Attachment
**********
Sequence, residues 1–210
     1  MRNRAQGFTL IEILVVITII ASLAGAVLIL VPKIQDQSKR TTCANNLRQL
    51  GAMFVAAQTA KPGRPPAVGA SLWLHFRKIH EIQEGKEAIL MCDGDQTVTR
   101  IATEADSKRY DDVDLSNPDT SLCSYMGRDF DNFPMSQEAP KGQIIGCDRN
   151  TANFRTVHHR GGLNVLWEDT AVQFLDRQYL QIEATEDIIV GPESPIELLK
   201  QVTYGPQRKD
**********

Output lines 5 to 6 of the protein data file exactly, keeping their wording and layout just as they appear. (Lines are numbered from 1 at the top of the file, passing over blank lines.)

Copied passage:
   151  TANFRTVHHR GGLNVLWEDT AVQFLDRQYL QIEATEDIIV GPESPIELLK
   201  QVTYGPQRKD